LOCALadk Magazine

LOCALadk Spring 2017

LOCALadk Magazine

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Page 49 of 67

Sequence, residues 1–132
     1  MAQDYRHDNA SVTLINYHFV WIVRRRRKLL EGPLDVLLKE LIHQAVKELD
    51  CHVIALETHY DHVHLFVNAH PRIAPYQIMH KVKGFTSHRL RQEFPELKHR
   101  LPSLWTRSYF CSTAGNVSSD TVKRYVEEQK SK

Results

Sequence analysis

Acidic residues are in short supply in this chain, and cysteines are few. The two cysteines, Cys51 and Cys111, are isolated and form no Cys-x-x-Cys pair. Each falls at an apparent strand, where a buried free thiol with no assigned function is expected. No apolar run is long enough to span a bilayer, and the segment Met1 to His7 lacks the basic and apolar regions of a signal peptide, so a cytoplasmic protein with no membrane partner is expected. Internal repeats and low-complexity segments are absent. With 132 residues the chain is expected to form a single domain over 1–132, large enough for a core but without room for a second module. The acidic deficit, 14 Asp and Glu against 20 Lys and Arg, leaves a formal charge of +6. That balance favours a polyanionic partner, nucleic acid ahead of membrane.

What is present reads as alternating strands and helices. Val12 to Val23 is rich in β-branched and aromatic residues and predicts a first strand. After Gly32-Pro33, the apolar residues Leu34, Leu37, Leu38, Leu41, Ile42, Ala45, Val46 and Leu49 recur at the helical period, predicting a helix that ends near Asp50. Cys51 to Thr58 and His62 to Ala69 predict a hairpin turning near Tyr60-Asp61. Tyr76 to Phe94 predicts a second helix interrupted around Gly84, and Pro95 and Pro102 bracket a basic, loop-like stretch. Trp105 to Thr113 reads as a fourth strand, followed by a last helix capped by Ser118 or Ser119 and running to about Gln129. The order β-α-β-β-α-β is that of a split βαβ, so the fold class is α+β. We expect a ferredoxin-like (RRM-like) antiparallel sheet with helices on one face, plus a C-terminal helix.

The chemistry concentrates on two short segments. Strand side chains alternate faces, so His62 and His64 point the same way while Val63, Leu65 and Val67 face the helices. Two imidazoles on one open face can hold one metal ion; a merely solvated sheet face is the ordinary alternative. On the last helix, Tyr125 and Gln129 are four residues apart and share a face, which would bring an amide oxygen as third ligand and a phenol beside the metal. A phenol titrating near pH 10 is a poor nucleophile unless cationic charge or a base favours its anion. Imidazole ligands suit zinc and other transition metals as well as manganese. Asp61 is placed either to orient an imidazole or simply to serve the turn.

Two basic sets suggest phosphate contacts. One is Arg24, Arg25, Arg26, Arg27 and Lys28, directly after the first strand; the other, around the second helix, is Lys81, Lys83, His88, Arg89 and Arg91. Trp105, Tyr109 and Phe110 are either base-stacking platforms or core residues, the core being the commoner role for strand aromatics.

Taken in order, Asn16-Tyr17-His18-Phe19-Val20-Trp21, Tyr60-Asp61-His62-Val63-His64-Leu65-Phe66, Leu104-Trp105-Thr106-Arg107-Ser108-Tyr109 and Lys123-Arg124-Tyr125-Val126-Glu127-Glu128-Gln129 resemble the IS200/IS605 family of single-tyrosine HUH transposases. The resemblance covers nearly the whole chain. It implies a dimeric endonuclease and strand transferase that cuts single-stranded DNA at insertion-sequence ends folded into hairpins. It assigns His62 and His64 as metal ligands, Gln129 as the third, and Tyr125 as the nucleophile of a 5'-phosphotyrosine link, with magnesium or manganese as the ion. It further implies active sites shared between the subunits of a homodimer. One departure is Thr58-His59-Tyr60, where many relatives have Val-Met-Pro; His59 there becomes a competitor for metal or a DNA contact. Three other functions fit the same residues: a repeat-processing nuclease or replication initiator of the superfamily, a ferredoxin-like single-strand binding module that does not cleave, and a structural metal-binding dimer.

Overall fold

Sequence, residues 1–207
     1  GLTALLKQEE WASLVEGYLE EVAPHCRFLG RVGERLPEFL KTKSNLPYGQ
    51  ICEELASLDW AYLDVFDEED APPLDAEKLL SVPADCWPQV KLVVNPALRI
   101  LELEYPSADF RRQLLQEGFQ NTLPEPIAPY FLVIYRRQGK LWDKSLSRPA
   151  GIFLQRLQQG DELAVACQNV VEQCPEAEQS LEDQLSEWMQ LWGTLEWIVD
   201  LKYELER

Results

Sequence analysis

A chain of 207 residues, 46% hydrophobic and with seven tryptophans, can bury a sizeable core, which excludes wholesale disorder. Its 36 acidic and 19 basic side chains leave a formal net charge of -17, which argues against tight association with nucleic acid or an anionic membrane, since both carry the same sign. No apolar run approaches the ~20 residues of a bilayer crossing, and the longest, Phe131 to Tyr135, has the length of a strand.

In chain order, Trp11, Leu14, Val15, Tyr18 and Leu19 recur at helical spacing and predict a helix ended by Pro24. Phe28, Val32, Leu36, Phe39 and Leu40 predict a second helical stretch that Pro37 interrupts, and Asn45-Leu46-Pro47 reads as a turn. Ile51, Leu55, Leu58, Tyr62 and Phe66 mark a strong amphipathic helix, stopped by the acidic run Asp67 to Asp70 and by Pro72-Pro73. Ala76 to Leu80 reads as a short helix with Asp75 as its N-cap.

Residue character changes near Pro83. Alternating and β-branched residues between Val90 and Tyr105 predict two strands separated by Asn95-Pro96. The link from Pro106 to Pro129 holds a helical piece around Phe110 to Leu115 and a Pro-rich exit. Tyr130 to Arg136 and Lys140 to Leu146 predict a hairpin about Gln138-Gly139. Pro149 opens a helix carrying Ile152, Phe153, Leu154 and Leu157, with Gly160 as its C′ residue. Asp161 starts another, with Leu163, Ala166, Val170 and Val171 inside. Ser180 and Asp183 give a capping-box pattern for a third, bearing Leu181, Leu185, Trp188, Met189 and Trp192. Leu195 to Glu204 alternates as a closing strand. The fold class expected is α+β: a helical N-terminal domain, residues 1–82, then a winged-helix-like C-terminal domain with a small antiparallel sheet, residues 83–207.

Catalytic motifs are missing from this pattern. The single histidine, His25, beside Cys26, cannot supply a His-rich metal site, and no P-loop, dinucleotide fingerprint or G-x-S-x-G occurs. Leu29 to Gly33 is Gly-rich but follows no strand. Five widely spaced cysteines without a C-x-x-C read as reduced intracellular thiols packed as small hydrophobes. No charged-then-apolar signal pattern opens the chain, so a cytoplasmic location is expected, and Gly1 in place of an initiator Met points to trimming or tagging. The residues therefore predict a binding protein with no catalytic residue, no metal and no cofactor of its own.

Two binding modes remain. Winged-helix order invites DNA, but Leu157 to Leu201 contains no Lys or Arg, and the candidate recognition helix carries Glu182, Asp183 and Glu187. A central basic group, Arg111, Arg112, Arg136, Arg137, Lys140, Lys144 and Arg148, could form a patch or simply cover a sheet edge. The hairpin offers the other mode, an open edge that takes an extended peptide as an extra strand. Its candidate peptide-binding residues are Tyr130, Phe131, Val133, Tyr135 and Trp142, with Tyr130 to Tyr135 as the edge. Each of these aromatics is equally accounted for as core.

Ready for some beer drinking advice? Never swat away the cobwebs in a Belgian brewery, they add to the flavor of your beer. Capture the yeast from beer you buy and use it in your home brew. Bars with 70 different types of glasses are ready to serve beer correctly. Black Fly Beer Camp makes the annual Adiron- dack black fly invasion worth risking. Typically, in June, while swatting black flies at the Great Camp Sagamore, such advice is just grist for the beer mash. "This past year the black flies almost didn't show" recalls Jeff Flagg, Sagamore's program director. Yet the trivia at the camp in Raquette Lake, NY was as thick as the camp itself was overflowing with craft beer makers, home brewers, and folks who just take their beer seriously. In 2010 when Jeff introduced his ideas for a beer camp he was simply looking to fill camp for a weekend during the dreaded black fly season in late June. A team of regional beer experts – including craft brewer John Carr, owner of Lake George's Ad- irondack Brewery; Reed Antis, who, with his wife, operates a beer-making supply store called Saratoga Zymurgist, in Saratoga Springs; and Rich Michaels, Quality & Innovation Manager for Sa- ranac Brewery in Utica, NY, – went to work developing a program to attract beer enthusiasts despite the black flies. "The interest in beer had grown in recent years," says Michaels, "with the num- ber of breweries in the US catapulting to some 5,000 indepen- dent breweries (compared to only 4,000 in 1970). New York State alone has more than 300 breweries." "We weren't interested in another beer fest," Carr emphasizes. "Or 'selling' an event where people would turn out to see how much beer they could consume." From the outset, the Black Fly Beer Camp was about education. Whether talking to pro brewers, home brewers, or simply beer drink- ers, "We wanted to provide an atmosphere of ca- maraderie where 'beer devotees could comfort- ably take their understanding and knowledge of beer to another level.'" It quickly became evident, Michaels notes, that "there was a thirst for information about beer brewing technique, technology and terminology. The combination of an Adirondack Great Camp, a team of professional brewers to lead the discussion, and a group of people with like interests proved almost magical." On the shore of nearby Raquette Lake, almost imperceptibly the twin 220 hp engines of the W.W. Durant quietly rumble as Cap- tain Dean Pohl deftly guides her from the dock. Meanwhile Antis weaves between the crowded tables on the open-air upper deck, pouring from a selection of his Belgian style home brews. Black Fly Beer Camp Story and photos by Tom Dwyer

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